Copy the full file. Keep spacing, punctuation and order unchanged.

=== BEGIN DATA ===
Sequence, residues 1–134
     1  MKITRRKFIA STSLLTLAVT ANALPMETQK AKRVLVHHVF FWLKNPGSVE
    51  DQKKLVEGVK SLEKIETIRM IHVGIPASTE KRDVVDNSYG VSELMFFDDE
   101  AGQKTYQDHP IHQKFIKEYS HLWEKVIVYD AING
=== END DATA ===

Sequence, residues 1–134
     1  MKITRRKFIA STSLLTLAVT ANALPMETQK AKRVLVHHVF FWLKNPGSVE
    51  DQKKLVEGVK SLEKIETIRM IHVGIPASTE KRDVVDNSYG VSELMFFDDE
   101  AGQKTYQDHP IHQKFIKEYS HLWEKVIVYD AING